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FEMA will pay states to install solar panels and heat pumps

FEMA will pay states to install solar panels and heat pumps

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Deploying solar panels can make communities more resilient to the consequences of climate change.

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Puerto Rico Faces Extensive Damage After Hurricane Maria
People sit in their home lit by a single donated solar lamp more than two weeks after Hurricane Maria hit the island on October 7th, 2017, in San Isidro, Puerto Rico. 
Photo by Mario Tama / Getty Images

The Federal Emergency Management Agency (FEMA) announced today that it’ll start reimbursing local governments for installing solar panels and more efficient appliances after a disaster strikes.

The move can help communities prepare for another calamity by equipping them with tools that just might keep the lights on when they would otherwise suffer a power outage. It’s also a way for the US to deploy technologies that cut greenhouse gas emissions and stave off worsening climate disasters like storms, heatwaves, and wildfires.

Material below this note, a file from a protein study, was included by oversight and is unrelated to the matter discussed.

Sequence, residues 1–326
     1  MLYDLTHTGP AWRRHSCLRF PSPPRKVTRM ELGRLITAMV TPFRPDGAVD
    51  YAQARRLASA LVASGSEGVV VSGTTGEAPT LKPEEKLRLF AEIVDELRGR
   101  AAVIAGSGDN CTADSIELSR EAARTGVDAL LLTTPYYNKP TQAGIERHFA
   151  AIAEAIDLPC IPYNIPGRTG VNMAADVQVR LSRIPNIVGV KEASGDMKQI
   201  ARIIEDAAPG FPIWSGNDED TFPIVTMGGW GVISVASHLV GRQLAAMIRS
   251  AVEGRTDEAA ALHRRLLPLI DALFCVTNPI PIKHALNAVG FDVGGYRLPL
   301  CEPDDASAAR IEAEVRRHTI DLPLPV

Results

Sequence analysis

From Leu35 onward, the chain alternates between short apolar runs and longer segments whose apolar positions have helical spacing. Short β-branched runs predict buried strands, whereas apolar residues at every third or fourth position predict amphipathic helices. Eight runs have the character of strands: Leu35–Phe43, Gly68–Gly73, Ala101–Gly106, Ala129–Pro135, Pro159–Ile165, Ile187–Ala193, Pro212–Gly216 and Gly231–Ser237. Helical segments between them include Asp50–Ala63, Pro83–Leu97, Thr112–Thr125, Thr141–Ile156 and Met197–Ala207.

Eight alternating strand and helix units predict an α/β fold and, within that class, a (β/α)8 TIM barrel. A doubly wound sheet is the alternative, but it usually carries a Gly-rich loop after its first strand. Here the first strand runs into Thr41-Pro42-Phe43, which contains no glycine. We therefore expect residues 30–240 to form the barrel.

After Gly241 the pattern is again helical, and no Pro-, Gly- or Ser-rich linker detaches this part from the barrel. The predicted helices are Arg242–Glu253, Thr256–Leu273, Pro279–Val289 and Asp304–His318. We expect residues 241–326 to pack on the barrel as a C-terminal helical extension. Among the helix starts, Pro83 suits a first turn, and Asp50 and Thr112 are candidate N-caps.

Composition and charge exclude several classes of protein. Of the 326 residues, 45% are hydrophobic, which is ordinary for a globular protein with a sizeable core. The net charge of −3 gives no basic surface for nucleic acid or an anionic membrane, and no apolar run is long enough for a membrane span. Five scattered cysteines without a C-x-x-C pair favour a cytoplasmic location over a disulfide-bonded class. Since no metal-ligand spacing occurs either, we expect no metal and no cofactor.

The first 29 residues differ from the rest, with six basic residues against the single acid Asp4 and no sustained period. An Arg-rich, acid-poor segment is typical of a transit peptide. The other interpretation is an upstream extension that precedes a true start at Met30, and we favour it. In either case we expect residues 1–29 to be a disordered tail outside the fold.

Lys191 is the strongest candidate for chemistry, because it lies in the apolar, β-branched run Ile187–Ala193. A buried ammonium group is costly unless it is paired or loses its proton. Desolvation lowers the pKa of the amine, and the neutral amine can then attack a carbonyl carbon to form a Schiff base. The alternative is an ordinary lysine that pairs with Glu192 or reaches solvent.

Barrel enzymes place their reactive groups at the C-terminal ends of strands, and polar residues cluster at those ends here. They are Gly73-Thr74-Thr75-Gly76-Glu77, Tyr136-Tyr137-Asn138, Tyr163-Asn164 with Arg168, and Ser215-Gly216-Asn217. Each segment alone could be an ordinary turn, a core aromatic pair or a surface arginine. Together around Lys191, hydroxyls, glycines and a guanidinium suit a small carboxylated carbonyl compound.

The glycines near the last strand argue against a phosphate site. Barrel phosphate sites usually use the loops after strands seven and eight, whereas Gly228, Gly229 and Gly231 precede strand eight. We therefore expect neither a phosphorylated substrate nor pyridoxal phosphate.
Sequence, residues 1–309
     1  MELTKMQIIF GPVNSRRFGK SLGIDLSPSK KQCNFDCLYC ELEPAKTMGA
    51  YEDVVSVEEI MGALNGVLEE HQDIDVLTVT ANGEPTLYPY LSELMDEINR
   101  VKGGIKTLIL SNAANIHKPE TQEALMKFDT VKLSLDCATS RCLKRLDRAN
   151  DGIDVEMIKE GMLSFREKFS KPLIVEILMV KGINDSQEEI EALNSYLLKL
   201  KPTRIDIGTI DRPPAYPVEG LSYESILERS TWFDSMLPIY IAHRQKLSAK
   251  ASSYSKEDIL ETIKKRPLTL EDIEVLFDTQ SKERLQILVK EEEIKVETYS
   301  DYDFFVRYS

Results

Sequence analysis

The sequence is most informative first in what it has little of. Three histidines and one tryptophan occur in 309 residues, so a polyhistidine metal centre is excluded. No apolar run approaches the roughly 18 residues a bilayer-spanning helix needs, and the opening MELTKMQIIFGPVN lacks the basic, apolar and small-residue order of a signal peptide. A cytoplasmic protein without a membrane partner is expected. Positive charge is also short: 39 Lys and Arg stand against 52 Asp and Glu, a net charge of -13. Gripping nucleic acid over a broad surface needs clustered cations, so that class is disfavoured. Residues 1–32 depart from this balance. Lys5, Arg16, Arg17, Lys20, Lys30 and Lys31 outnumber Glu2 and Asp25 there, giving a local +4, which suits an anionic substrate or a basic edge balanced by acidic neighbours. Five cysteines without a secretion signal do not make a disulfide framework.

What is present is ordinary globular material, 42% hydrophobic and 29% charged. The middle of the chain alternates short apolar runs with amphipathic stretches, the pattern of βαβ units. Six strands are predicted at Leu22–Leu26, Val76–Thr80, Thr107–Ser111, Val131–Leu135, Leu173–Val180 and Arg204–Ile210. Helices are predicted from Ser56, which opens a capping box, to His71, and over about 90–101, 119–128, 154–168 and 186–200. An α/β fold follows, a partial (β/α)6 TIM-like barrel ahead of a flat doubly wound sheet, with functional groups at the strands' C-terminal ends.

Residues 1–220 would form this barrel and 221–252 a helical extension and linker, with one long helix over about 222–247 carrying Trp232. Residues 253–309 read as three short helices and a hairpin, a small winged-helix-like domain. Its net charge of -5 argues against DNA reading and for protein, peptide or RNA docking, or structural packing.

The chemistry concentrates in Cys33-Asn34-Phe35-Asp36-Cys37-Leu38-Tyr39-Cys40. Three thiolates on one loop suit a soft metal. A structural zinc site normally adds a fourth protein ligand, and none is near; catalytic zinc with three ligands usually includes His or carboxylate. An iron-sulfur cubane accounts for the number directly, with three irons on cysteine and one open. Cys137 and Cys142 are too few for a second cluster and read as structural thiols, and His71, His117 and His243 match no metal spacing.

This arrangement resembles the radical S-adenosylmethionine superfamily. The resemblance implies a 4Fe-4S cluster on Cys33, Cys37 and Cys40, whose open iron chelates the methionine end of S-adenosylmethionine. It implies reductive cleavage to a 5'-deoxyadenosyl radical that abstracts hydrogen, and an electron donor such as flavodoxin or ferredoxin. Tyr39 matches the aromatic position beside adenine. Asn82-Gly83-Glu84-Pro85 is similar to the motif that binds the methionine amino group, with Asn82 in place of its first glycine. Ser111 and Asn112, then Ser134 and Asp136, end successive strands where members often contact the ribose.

“We need to adapt the way we are helping communities rebuild post-disaster”

“As the increase of extreme weather hazards become more severe due to climate change, we need to adapt the way we are helping communities rebuild post-disaster,” FEMA administrator Deanne Criswell said in a press release. During the 1980s, the US suffered an average of 3.3 disasters per year that each cost over $1 billion in losses. That’s risen to an average of 20.4 such disasters each year since 2019 (adjusted for inflation).

This is the first time FEMA is funding “net-zero energy projects, including solar, heat pumps and efficient appliances” through its biggest grant program, called Public Assistance. It’s available to communities recovering from a major event that the president has declared an emergency or disaster. Under the program, FEMA reimburses state, tribal, territorial, and local governments 75 percent of the cost of eligible recovery efforts. That’s typically been to pay for “emergency protective measures,” debris removal, and to rebuild public infrastructure.

Now, those funds can also go toward installing solar panels and energy-efficient appliances. Solar panels can form microgrids — islands of locally generated power — that residents might be able to rely on even if there’s a blackout on the broader power grid. Energy-saving appliances, including heat pumps that are more efficient than traditional air conditioners, can also help prevent power outages by taking pressure off the grid when cooling demand peaks during heatwaves.

Funding for the new program comes from the Inflation Reduction Act, the US’s biggest investment yet in climate action and clean energy.